It took about 4 years for her to decide to quit and stay home with the kids. After missing several pre-school events that "all the other moms" were at, she'd had enough. Her inner voice told her to be with the kids and quit. Even though she worked part-time for a federal judge, she made ALOT of money which was tough for us to give up.

But we did it because we both knew it was the right thing to do -- FOR OUR CHILDREN.

Fast forward 14 years later and we have two wonderful, intelligent, well behaved and well mannered teenage sons. Over the years we've received more compliments than I can recall at how intelligent, well mannered and well behaved our two sons are.

Now who gets the credit for that? Some day-care agency and after-school programs or my wife?

Clearly my wife does. She gets all the credit in my eyes. Anyone who looks at our kids who've had the benefit of a stay-home mom, and those kids brought up in daycare and after-school programs sees a HUGE difference in the behavior between our sons and the other kids.

In fact, every couple we know where the Mom stayed home to raise the kids has very well adjusted, mannered and intelligent kids.

In many but not all cases where both parents worked and kept the kids in day-care and after school programs, those kids are quite frankly very rude, not well mannered and have "issues" to say the least.

ANYONE who thinks stay at home mom's aren't doing the toughest job on the planet in raising children properly needs their head examined.

We've been very blessed as the result of our decision. Both in how our Son's are maturing into fine young men, and because we were forced to make difficult financial decisions over the years which turned out very well for us. I'm 51 and am retiring in 2 years when my sons have completed high school and are off to college. Given my shortened life expectancy I want to spend my remaining time showing my wife my appreciation for how well our boys have turned out.

8 posted on 01/26/2014 9:06:22 AM PST by usconservative (When The Ballot Box No Longer Counts, The Ammunition Box Does. (What's In Your Ammo Box?))
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To: ToastedHead

I graduated law school with a two year old. I’ve worked, in the professional world and at home for 46 years. I’m trying to retire gracefully and without a great deal of financial pain for me and Mr. M. It turned out that two of our three children had/have special needs so the childhood of all three was somewhat chaotic. I regret that but I can’t change the past. I would like to be able to have maybe ten years of health to enjoy retirement but it’s in God’s hands now. My brother once told me that given my profession, people will assume that I’m a feminist and a liberal. He knew at the time that I was neither. It has been true that even in a conservative state I have had to swim through liberal ideals. I don’t go to bar luncheons or meetings. It has probably hurt my career but I really don’t care. I’m true to my beliefs and I try to see the face of God in every client. So I’m not sure that women can or should have it all. I tried. I’m pretty tired.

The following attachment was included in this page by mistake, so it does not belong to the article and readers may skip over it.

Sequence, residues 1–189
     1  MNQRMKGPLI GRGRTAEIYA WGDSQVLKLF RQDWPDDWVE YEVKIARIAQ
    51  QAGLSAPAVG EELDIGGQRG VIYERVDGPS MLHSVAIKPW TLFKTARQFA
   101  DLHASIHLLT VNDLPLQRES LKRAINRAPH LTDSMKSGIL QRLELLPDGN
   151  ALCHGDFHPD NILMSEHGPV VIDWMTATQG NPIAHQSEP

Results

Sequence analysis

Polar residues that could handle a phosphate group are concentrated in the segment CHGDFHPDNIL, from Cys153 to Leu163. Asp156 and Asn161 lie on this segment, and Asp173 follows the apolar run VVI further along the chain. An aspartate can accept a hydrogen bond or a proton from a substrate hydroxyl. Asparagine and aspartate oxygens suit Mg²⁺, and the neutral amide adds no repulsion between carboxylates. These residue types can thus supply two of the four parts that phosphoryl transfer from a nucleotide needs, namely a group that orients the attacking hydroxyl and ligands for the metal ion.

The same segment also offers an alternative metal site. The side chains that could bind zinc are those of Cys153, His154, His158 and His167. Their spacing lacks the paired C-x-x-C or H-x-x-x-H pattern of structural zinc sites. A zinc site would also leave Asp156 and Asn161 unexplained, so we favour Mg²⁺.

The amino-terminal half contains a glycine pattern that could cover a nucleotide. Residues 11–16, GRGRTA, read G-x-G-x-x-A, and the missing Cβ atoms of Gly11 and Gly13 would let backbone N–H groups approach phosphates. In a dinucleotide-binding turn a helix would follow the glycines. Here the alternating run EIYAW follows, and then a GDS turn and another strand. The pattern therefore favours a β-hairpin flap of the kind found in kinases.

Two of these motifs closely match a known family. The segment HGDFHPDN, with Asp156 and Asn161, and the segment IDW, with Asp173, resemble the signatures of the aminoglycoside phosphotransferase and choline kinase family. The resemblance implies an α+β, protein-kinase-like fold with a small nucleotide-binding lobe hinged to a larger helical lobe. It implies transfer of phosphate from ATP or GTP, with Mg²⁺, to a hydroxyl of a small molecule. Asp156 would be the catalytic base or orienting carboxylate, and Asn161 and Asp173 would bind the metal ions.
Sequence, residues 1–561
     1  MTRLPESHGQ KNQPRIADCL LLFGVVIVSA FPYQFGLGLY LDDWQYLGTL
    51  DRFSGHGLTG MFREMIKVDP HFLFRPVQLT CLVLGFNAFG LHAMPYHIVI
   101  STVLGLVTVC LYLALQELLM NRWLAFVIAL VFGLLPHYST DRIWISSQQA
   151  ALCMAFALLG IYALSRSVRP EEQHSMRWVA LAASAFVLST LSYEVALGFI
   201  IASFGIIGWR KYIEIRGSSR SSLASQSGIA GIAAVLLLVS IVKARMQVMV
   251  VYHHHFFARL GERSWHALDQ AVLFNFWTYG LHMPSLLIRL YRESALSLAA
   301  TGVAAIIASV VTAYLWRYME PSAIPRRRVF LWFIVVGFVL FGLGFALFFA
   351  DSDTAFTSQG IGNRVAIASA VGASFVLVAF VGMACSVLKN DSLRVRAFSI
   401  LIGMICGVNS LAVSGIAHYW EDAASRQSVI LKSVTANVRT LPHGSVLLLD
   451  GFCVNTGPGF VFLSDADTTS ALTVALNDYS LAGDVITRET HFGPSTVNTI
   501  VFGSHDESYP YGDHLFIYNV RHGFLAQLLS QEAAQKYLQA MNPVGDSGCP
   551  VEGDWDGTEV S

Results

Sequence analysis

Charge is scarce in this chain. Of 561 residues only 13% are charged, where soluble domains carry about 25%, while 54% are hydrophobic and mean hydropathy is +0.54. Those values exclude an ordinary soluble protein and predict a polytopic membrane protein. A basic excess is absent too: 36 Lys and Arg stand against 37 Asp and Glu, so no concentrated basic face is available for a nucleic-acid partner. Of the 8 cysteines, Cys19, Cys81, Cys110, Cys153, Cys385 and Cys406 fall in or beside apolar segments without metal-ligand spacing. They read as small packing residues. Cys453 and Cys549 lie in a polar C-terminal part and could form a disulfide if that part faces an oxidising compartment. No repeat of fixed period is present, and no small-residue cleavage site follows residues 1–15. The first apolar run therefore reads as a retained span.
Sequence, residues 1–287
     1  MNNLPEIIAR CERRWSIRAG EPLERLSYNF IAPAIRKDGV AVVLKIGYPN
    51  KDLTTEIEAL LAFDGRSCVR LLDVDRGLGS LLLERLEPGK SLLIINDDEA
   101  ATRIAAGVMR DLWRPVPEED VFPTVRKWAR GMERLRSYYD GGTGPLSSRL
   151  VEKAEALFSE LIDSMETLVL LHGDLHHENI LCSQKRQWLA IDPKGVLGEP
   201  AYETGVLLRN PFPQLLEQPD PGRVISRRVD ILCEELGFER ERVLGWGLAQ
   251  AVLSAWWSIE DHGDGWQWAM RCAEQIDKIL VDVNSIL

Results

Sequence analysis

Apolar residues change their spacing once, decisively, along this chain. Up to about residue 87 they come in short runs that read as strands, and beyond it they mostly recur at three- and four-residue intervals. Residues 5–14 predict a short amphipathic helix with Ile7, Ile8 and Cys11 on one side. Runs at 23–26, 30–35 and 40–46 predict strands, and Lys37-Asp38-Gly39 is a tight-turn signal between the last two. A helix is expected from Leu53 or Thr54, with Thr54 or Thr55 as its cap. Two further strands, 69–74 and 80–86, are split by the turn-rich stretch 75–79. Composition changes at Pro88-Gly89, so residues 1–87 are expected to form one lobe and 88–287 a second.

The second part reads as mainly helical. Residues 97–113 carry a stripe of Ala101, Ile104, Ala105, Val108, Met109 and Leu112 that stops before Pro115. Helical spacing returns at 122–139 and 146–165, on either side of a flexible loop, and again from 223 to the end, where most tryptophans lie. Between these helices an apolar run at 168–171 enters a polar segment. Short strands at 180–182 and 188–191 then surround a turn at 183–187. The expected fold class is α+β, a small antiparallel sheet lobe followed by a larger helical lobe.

9 posted on 01/26/2014 9:08:57 AM PST by Mercat
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To: usconservative

My husband is 51. We have children from 22 to 2.

As the author of this piece observed, at one time in history, bearing and rearing the next generation was considered a worthwhile activity. It’s not that women didn’t have “jobs” - many did, and there wasn’t such a divide between home and “work.” However, it was generally understood that childbearing and childrearing were valuable to society.

This has changed. I think one key factor has been “overpopulation” ideology. It seems as if a critical mass of people believes, “Now that I’m here, the planet is full.” Every person who’s born is viewed first and foremost as a threat, in families as well as the larger society. “The existence of that other person means there’s less for me.”


10 posted on 01/26/2014 9:31:15 AM PST by Tax-chick (I'm not interested in the sporting event.)
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To: absentee

You know, I’m in a few support groups & the most complaining, whiny, “I’m all alone and nobody cares about me” women are liberal leaning.

They all want someone else to do stuff for them, all their friends have abandoned them, if they have children they don’t come to check on them but they all wonder why! Many are drama queens, control freaks & can’t talk to anyone who doesn’t agree with them.

They’ve gotten, old, sick & bitter. Their trouble making just escalates when they get old. They have used their lives up crusading for things that have left them empty & alone. And very hard to be around. They don’t know what to do when they are alone, or they don’t like being themselves or who they’ve become.